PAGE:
The Embodied Senses

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Thursday evening, Friday and Saturday, 25 to 27 May

"Things," wrote Montaigne, "are sensed through the understanding, understood through the senses." However, the nature, value, and reliability of sensory experience was a constant preoccupation in early modern culture. Debates about its character and the extent to which it can be expressed and communicated continue to this day. A growing body of recent scholarship seeks to historicize precisely what the senses do offer; this symposium considers ways to reconstruct how early modern people lived, felt, and sensed their way through life. Contributions are sought from those working on and developing all the ways of thinking about the embodied senses, sensory embodiment, and the evocation and reconstruction of sensory perception between c.1500 and c.1750. Relevant intellectual fields and approaches include early modern natural philosophy, religion, neuroscience, performance theory, selfhood, habitus, and re-enactment; artistic creation and performance (including a variety of media); modes of encounter with the world (including touch, infection, erotics, and eating); forms of expertise relating to the senses (including commerce, midwifery, healing, service, and technology); and sensory reception and retrieval (including seeing, hearing, reading, remembering, and feeling).

Please direct any questions to institute@folger.edu.

Provisional Schedule

Unless otherwise specified, all sessions take place in the Folger Board Room

Thursday, 25 May 2017

5:30 pm

Opening reception (FR)

6:30-7:30

Embodying Senses
Bruce Smith, University of Southern California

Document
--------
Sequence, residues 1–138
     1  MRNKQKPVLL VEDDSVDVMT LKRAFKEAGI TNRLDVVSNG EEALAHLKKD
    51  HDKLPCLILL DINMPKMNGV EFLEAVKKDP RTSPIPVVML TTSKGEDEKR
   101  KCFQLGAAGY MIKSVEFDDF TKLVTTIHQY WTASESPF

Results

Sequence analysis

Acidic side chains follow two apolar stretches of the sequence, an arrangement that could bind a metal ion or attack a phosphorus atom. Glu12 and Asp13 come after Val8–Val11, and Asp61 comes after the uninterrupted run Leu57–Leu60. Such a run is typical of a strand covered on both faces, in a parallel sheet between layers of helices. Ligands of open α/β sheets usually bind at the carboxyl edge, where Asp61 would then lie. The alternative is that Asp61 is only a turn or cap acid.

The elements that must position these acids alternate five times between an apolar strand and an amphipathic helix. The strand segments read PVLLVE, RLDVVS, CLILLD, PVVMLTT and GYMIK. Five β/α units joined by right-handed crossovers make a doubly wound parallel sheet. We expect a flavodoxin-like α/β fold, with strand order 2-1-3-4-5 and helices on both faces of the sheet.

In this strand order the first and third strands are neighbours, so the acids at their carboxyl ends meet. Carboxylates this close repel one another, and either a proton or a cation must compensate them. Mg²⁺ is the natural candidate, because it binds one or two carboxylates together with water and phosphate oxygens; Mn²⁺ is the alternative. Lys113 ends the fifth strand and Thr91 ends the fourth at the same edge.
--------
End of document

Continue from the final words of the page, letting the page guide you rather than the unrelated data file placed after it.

Laura Gowing, King’s College, London
Mark Jenner, University of York

Friday, 26 May 2017

9:00 am

Coffee and pastries

9:25

Welcoming Remarks
Owen Williams, Folger Institute

9:30

Sin and Sensation
Elizabeth Harvey, University of Toronto
Matthew Milner

11:00

Coffee Break

11:30

Accumulation and Play
Shigehisa Kuriyama, Harvard University
Joe Moshenska, Trinity College, Cambridge

1:00-2:30 pm

Lunch on your own (suggestions provided in folders)

2:30

Impersonating Voices
Richard Wistreich, Royal College of Music, London
Performers:
John Armato
Louis Butelli
Emily Noël

4:00

Tea Break

4:30

Music and Silence
Amy Cook, Stony Brook University
Simon Smith, University of Birmingham

Saturday, 27 May 2017

9:00 am

Coffee and Pastries

9:30

Sound, Smell, Space
Niall Atkinson, University of Chicago
Holly Dugan, The George Washington University

11:00

Coffee Break

11:30

Signs and Senses
Mary Fissell, The Johns Hopkins University
Lauren Kassell, Pembroke College, Cambridge University

1:00-2:30 pm

Lunch on your own (suggestions provided in folders)

2:30

Calibrating Subjectivity and Objectivity
Carla Mazzio, University at Buffalo, SUNY
Steven Shapin, Harvard University

4:00

Closing Session

5:30

Reception (Founders’ Room, Folger Shakespeare Library)